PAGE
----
Matings. Reciprocal interspecific hybridization between C. hystrix and cucumber, and subsequent embryo rescue were performed as described previously (Chen et al., 1997). The diploid sterile F1 progeny (2n = 19) went through chromosome doubling as previously described (Chen et al., 1998). The BCF1 was made by crossing the chromosome-doubled F1 (with genome HHCC, where H represents the genome of C. hystrix, C the C. sativus) to the original diploid cucumber stock parent.
Inoculation. Nematode and inoculation Meloidogyne incognita race 3 was cultured on greenhouse-grown tomato, Lycopersicon esculentum Mill. cv. Rutgers. Nematode inoculum was obtained by collecting eggs with 0.5% NaOCl as described by Hussey and Barker (1973).
Experimental design, plant culture and data collection. Seeds were germinated in vermiculite in a greenhouse, and seedlings at the two-leaf stage were transplanted into 4-inch pots filled with pure sand. Plantlets from in vitro culture were also transplanted into the same media at the same time. Plants were fertilized weekly with a commercial nutrient formulation (N: P: K = 20: 20: 20), and kept in a greenhouse at 28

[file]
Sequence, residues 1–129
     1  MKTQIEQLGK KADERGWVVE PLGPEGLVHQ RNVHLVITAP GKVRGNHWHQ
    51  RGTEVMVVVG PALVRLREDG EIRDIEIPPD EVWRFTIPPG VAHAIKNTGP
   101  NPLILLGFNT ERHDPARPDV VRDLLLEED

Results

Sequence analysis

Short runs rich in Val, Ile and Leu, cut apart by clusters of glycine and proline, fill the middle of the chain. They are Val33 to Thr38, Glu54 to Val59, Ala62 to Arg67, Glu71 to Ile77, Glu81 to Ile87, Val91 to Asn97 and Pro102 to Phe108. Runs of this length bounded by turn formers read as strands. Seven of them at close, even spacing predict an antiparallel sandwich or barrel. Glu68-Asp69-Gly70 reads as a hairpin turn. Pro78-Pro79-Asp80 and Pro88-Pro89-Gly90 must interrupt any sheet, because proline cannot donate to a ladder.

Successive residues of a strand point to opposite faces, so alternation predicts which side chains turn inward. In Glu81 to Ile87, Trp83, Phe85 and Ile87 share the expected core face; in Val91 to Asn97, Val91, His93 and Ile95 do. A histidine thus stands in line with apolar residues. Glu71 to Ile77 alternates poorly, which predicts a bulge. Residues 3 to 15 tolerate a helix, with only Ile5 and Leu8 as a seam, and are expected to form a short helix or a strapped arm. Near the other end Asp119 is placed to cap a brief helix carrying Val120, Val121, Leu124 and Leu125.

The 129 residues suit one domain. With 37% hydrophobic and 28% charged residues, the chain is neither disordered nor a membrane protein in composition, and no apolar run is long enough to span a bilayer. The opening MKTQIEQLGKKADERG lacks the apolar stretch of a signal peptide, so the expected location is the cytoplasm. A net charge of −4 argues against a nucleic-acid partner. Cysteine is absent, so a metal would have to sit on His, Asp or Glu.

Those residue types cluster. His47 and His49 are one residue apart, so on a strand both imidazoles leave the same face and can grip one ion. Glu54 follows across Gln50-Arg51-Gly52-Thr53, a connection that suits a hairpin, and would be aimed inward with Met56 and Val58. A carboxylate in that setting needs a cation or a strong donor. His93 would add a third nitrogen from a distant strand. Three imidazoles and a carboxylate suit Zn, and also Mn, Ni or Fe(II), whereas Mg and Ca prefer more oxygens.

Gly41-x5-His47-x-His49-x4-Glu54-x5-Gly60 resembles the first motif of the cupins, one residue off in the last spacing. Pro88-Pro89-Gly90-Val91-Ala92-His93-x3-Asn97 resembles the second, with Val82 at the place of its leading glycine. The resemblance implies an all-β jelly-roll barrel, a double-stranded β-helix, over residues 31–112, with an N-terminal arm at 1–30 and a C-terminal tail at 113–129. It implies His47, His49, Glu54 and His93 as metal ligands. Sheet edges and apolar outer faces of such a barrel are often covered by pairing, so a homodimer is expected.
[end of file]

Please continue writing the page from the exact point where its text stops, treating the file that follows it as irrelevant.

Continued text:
˚ C. Four days after planting, two holes 2-3 cm in depth and 00.6 cm in diam. were made with a bamboo stock around the plant roots. One ml of inoculum containing 2,500 eggs was pipetted into each hole (5,000 eggs for each plant). There were five replications of each cultigen to determine the ability of the nematode reproduce. Plants were placed on a table in a completely randomized design. Seven weeks after inoculation, the root systems were carefully washed free of sand, and evaluated for number of galls. The number of galls for each root system was counted, and a gall index was calculated using a 0 - 5 scale, with 0 = no galls, 1 = 1 to 2, 2 = 3 to 10, 3 = 11 to 30, 4 = 31 to 100, and 5>100 galls. Normalized data were subjected to analysis of variance using SAS (SAS Inst., Cary, NC), and the means of gall indices were tested using Tukey's Studentized Range (HSD) Test.
Results and Discussion: To identify the resistance in cucumis hystrix Chakr. and evaluate the transmission of resistance to the progenies of its interspecific hybrid with cucumber, a screening was conducted in a greenhouse using C. hystrix, four cucumber cultigens, and three reciprocal interspecific hybrids at two ploidy levels, and one BCF1 progeny.